One day I was reading about Meggan being in mom-mode and "cleaning up as if I had seven arms and calling out directives at my son as if we were suddenly under some sort of deadline to get everything organized in his room", and her son sang the line "I want to know what love is" because he was feeling ordered around and it immediately disarmed her. She says, "He has skillful means at such a young age. With one lyric, he snaps me out of the trance of who I don’t have to be".

I want to know what love is, is a song by Foreigner from the 80s and one I've always thought was cheesy and a bit soppy. Meggan talks about hearing that very song later that day in her yoga class, but this time it was sung by Krishna Das. I then looked up this song out of sheer curiosity to hear it sung as a chant and I was moved to tears. It made me hear the song and its lyrics in a whole new way. I was meant to hear that song and to learn about Krishna Das. It was exactly what I needed in so many ways and it will reverberate in my life for a long time to come. It was an answer to what Joan Borysenko calls "a simple prayer of the heart: help".

Sunday, September 15, 2019

Tapping on grief

If going through grief weren't bad enough, we often find that the people in our lives just can't handle it. Many of us just weren't taught how to feel difficult emotions, so it is hard to be with ourselves and others when we or they are going through something difficult.

This can make grief not just heart breaking, but very isolating. It's important to reach out to others who can just listen and be with you. Watch this video by Megan Devine on this very subject.


It's tempting to rush towards a reframe or something "positive" when tapping, but when you're grieving, you need to stay where you are and move through it slowly. Karla McLaren has a lovely piece on grief in her book, The Language of Emotions and has talked about the importance of grief rituals. Megan Devine's book, It's OK That You're Not OK: Meeting Grief and Loss in a Culture That Doesn't Understand is an excellent read too.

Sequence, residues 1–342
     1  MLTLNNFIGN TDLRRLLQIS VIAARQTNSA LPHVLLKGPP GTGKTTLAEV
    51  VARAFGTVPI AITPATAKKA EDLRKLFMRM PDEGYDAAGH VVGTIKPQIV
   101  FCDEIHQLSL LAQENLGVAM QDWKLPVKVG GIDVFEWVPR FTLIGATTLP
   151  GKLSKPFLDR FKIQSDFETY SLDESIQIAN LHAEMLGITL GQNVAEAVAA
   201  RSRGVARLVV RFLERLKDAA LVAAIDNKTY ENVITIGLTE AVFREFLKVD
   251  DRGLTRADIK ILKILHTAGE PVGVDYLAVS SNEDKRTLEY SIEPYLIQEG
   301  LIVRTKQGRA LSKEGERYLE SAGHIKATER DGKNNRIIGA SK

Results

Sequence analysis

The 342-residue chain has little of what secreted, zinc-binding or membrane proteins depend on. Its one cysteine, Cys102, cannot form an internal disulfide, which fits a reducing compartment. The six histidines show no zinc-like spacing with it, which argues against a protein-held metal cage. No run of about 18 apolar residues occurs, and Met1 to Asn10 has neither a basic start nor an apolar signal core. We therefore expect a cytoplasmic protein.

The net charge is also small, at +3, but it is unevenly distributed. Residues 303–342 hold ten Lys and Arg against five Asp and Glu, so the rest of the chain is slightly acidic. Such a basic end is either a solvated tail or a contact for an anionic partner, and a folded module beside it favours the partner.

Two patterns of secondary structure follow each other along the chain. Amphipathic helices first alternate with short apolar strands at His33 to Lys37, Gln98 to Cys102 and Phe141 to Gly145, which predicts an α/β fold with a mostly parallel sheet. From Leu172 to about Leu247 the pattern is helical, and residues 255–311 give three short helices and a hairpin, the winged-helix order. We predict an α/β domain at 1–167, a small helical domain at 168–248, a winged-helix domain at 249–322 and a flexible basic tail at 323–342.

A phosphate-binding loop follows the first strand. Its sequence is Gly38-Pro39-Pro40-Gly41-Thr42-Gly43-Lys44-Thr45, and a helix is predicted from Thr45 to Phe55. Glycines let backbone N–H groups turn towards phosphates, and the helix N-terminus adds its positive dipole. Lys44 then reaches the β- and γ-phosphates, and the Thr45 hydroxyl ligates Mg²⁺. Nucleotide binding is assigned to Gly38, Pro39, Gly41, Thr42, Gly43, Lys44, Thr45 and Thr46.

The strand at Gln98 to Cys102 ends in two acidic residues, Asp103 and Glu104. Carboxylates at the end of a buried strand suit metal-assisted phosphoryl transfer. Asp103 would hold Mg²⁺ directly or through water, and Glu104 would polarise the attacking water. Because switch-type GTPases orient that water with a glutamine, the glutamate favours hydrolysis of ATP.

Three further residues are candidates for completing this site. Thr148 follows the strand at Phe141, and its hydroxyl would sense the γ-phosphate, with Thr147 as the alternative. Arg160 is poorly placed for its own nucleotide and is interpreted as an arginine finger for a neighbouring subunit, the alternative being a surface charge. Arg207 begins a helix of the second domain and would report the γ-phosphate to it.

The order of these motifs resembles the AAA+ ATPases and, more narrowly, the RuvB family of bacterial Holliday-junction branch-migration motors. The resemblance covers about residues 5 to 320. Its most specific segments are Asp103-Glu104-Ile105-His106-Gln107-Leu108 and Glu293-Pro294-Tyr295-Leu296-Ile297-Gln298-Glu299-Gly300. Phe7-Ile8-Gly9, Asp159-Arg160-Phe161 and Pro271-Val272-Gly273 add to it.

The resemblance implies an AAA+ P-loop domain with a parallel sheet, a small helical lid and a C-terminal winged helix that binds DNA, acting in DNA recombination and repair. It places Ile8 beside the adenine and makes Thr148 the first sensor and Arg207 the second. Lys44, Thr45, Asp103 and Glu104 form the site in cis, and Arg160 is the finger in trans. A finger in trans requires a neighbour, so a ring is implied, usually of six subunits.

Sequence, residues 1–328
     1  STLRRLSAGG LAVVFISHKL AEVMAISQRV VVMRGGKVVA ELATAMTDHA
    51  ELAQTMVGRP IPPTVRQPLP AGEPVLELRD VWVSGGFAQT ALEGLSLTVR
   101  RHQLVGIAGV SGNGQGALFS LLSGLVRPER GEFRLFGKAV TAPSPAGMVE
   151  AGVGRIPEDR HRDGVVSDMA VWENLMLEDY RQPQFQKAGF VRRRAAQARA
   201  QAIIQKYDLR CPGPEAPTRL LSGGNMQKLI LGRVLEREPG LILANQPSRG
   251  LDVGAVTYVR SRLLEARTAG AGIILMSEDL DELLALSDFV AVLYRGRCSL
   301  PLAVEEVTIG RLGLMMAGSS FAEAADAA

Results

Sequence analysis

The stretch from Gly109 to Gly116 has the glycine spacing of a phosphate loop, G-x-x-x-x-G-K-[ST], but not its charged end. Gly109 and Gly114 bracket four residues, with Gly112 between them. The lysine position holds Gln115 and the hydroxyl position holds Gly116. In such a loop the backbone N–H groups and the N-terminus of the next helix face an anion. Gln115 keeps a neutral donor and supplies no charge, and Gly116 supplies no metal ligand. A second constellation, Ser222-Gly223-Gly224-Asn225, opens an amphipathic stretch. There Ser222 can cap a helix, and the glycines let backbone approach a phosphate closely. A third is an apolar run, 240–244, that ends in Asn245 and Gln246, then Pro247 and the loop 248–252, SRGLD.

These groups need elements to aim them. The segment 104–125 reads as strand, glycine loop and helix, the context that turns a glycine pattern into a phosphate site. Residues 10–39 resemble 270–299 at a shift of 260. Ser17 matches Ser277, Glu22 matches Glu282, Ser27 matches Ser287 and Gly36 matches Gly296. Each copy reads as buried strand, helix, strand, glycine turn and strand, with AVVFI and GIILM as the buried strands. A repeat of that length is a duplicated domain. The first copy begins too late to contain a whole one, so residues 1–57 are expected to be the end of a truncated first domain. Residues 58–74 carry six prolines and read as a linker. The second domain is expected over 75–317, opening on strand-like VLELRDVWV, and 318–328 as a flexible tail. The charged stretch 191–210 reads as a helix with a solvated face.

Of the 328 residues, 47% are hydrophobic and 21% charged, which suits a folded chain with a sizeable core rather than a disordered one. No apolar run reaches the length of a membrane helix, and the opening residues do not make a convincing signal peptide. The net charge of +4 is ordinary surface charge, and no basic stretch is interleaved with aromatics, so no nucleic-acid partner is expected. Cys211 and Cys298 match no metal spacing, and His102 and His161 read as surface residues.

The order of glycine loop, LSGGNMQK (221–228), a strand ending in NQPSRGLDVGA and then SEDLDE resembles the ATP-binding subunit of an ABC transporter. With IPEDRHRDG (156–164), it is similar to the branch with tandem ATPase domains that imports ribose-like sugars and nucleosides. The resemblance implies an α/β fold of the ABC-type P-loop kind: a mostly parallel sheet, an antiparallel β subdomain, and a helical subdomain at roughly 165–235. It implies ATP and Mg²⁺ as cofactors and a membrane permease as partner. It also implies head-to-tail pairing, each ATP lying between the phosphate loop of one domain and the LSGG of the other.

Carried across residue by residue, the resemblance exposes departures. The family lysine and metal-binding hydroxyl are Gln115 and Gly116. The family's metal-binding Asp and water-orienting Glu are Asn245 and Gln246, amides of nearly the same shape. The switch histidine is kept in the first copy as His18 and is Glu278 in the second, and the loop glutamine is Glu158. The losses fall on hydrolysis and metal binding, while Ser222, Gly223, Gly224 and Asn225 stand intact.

Try tapping on the phrases below, customise them to suit you:

Even though this grief feels like it's going to swallow me whole, I accept how difficult this is for me right now

Even though I just can't feel this grief, it's just too much, I completely accept how I feel right now

Even though I don't think I'll ever be able to move through this grief, I love and accept myself anyway

Top of head: This grief
Eyebrow: It's too much
Side of eye: I can't feel it
Under eye: It's going to swallow me whole
Under nose: It's so difficult right now
Under chin: This grief feels …
Collar bone: I've no choice but to go slowly
Under the arm: And that's more than ok

Top of head: No one understands
Eyebrow: And that feels … (lonely, frightening, frustrating, isolating etc)
Side of eye: I could do with some support
Under eye: I didn't know how difficult it would be
Under nose: I feel alone in my grief
Under chin: I just want someone to sit with me
Collar bone; They don't have to change or fix anything
Under arm: I want the comfort of having someone understand

Top of head: And not try and talk me out of how I'm feeling
Eyebrow: Or try and make me feel better because they can't handle my grief
Side of eye: My grief is too much for others too
Under eye: I need to be as kind to myself as I can possibly be
Under nose: I need to take this moment by moment
Under chin: I can't think any further than that
Collar bone: And that's ok
Under arm: It'll have to be because it's how I truly feel

Continue to tap for as long as you need to, there is no time limit for grief.

Monday, September 09, 2019

Resistance or Protection?

You hear the word resistance a lot in therapy and it always refers to the client, not the therapist. For me, it has a negative connotation, even if we don't verbalise it. This is particularly the case if we label a client as resistant, rather than saying some resistance is present. We send a negative message to the client about themselves if we call/think of them resistant, we don't even have to voice it, the client picks up all our communication, as Paul Wachtel writes in his book Therapeutic Communication. What he calls the meta message, I like to call the true message.  We're constantly sending and receiving information, most of it non verbal.